Our thirtieth issue of the Architects’ Newsletter focuses on the connected topics of architecture styles and governance strategies. First, we aim to provide insight into how organizations are choosing effective architecture styles, whether this is based on functions, (micro)services, or a monolith. This will also include coverage of how organizations are supporting related cross functional requirements, such as security, scalability, and reliability. Second, we intend to explore related governance strategies, and share best practice on how to ensure the integrity and effectiveness of the chosen architecture styles.
We believe these topics are vitally important. They are visible at every stage of adoption in our latest Architecture and Design InfoQ Trends Report, from microservices and event-driven architecture, to the concept of "the architect as a technical leader". Understanding all the emerging architecture styles, patterns, and related approaches to governance and compliance is essential for a modern software architect.
Google Publishes Its BeyondProd Cloud-Native Security Model
In this summary of the recently published Google BeyondProd whitepaper, Sergio De Simone provides an overview of a proposed implementation and governance model for cloud-native security in a containerized world. Google’s model requires moving beyond the traditional perimeter-based security model, and instead leverages code-provenance and service identity as security cornerstones.
The BeyondProd white-paper sets a number of fundamental principles which complement the basic idea of no trust between services. Those include running code of known provenance on trusted machines, creating "choke points" to enforce security policies across services, defining a standard way to roll out changes, and isolating workloads. Google also provided a list of open-source software that can be used to implement its security model.
Managing eBay’s Vast Service Architecture Using Knowledge Graphs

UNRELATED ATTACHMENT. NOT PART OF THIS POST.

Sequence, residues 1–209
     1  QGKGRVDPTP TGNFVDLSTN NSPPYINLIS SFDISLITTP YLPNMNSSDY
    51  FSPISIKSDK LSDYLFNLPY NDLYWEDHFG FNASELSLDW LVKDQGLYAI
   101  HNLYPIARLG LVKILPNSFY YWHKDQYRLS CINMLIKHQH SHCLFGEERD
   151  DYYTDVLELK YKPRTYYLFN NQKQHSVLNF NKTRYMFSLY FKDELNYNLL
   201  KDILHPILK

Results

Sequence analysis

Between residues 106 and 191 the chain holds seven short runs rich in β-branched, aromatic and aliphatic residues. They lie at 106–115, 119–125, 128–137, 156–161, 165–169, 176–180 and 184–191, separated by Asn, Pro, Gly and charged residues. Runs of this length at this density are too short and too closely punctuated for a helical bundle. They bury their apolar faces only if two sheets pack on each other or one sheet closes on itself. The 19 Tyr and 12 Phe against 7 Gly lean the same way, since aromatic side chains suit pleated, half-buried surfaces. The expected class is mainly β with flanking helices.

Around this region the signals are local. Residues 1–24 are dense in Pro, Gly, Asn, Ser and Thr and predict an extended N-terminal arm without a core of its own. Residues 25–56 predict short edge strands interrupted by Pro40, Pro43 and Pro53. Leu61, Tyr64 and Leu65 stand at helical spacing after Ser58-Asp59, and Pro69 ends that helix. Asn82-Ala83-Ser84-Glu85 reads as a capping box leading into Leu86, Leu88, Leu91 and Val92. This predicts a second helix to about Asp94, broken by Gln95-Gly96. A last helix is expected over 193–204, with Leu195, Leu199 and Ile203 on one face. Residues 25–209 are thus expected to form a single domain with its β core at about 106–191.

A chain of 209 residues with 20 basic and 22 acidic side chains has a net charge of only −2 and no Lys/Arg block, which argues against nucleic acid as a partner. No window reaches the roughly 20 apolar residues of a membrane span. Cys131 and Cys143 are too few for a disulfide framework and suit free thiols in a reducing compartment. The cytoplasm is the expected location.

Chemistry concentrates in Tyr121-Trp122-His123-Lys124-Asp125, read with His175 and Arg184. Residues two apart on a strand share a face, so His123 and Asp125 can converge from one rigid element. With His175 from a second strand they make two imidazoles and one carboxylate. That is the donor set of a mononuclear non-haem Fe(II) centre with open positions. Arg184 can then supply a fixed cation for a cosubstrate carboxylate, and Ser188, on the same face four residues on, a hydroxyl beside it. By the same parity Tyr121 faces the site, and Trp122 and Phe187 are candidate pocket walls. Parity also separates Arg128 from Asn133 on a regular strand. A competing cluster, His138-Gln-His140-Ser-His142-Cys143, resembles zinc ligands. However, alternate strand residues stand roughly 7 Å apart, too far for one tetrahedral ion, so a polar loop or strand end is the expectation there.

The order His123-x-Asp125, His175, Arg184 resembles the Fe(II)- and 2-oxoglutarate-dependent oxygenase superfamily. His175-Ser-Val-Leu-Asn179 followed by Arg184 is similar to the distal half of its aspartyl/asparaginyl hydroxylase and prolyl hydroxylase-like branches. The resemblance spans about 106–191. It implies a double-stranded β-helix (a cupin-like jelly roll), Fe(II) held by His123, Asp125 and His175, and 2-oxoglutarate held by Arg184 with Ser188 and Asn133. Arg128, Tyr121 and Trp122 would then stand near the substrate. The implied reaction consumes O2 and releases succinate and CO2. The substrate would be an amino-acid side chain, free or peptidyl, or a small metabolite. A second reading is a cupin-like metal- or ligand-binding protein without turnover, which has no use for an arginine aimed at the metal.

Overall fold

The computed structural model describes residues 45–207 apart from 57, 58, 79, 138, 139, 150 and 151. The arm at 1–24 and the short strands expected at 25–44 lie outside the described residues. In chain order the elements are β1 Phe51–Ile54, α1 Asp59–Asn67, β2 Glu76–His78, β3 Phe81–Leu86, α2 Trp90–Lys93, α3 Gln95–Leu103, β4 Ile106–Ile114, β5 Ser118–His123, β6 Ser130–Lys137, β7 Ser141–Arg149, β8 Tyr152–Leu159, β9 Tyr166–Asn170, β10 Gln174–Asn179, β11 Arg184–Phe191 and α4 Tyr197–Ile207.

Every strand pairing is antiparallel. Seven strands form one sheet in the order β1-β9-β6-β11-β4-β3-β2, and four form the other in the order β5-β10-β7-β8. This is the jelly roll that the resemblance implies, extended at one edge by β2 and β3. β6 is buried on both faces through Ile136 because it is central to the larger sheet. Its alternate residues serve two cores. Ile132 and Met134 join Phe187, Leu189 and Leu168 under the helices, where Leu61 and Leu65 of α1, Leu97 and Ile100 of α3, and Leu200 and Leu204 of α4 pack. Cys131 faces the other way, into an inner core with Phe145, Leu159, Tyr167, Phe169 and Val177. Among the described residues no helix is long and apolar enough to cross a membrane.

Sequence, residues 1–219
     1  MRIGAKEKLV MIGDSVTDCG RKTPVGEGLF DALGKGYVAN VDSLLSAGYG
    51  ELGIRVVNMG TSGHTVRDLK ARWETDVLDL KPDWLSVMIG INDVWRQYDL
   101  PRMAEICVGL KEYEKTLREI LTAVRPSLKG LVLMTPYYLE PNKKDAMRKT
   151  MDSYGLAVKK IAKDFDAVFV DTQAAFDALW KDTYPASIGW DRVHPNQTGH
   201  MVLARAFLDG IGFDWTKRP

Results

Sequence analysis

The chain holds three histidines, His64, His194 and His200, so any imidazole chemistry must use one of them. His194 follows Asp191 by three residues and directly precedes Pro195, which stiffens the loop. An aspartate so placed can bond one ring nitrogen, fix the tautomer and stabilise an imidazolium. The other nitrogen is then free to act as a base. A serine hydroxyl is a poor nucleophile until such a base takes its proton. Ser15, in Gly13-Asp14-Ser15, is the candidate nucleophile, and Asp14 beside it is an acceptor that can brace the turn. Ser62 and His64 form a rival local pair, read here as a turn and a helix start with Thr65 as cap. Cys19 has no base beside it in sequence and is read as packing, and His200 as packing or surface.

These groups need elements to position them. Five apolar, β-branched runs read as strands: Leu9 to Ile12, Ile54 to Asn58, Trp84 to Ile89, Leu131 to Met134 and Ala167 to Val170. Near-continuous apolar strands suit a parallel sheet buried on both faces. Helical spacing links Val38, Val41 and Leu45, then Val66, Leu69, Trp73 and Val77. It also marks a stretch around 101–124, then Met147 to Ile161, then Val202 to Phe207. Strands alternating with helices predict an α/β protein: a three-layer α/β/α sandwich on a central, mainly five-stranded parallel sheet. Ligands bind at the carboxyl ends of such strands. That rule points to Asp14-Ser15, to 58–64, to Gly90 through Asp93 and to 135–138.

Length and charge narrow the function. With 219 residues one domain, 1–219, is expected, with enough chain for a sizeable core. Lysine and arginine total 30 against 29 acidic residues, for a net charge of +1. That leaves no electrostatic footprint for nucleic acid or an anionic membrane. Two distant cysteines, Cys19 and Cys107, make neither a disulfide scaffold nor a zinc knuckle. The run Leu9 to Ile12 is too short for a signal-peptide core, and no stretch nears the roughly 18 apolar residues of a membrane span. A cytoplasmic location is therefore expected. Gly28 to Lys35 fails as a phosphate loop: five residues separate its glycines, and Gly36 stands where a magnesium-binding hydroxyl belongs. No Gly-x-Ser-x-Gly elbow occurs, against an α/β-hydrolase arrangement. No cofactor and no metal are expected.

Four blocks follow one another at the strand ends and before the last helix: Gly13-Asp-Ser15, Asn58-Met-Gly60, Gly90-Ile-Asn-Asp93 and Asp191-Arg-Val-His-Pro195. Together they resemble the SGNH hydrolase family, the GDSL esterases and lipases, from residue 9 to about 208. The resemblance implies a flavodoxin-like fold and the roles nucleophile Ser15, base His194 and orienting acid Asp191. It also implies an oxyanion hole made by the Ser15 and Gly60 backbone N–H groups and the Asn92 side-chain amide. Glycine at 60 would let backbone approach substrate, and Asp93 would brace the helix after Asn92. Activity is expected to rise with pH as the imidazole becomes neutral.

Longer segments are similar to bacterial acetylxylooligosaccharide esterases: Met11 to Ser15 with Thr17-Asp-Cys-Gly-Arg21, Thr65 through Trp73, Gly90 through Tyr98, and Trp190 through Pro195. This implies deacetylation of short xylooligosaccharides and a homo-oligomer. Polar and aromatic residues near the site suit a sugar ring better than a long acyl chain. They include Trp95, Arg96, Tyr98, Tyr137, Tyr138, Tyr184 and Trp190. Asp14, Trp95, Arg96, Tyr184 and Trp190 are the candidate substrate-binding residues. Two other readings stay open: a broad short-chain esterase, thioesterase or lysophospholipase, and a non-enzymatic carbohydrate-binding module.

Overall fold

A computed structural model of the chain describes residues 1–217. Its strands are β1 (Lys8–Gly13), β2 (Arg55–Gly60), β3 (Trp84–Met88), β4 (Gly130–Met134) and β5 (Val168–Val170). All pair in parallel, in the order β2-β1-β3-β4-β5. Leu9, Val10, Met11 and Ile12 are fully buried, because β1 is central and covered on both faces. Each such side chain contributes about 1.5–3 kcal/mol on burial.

eBay has recently discussed their "intelligent architecture" (INAR), which they are creating to build a sustainable service architecture. There are three major challenges that must be overcome, which stem from blindness, ignorance, and primitiveness. Blindness is the difficulty of observing how an architecture evolves, leading to inadequate dependencies, monoliths, redundant services, and duplicated functions. Ignorance is related to the lack of proper metrics, which are essential to improve operational efficiency. Finally, primitiveness is the absence of a correct approach to diagnostics, engineering, and automation, which should pave the way to the application of AI methods.
Knowledge graphs describe knowledge domains based on expert input, data, and machine learning algorithms. eBay is using an application/infrastructure knowledge graph to manage its vast service architecture and provide a better experience for the roughly 200M buyers visiting the site.
Gunnar Morling on Change Data Capture and Debezium
On this recent edition of the InfoQ Podcast, Wes Reisz talked with Gunnar Morling, software engineer at Red Hat about Debezium, an open-source distributed platform for change data capture (CDC). CDC is a set of software design patterns used to react to changing data in a data store. Used for things like internal changelogs, integrations, replication, and event streaming, CDC can be implemented leveraging queries or against the DB transaction log.
On the show, the two discussed the project and many of its use cases. Additionally, topics covered on the podcast include bootstrapping, configuration, challenges, debugging, and operational modes. The show wraps with long term strategic goals for the project.
Enterprise API Management: Q&A with Book Author Luis Weir
In this Q&A with Luis Weir, author of "Enterprise API Management", several topics related to the governance of API strategies are discussed:
- Successful API programs focus on business outcomes first, before technology adoptions.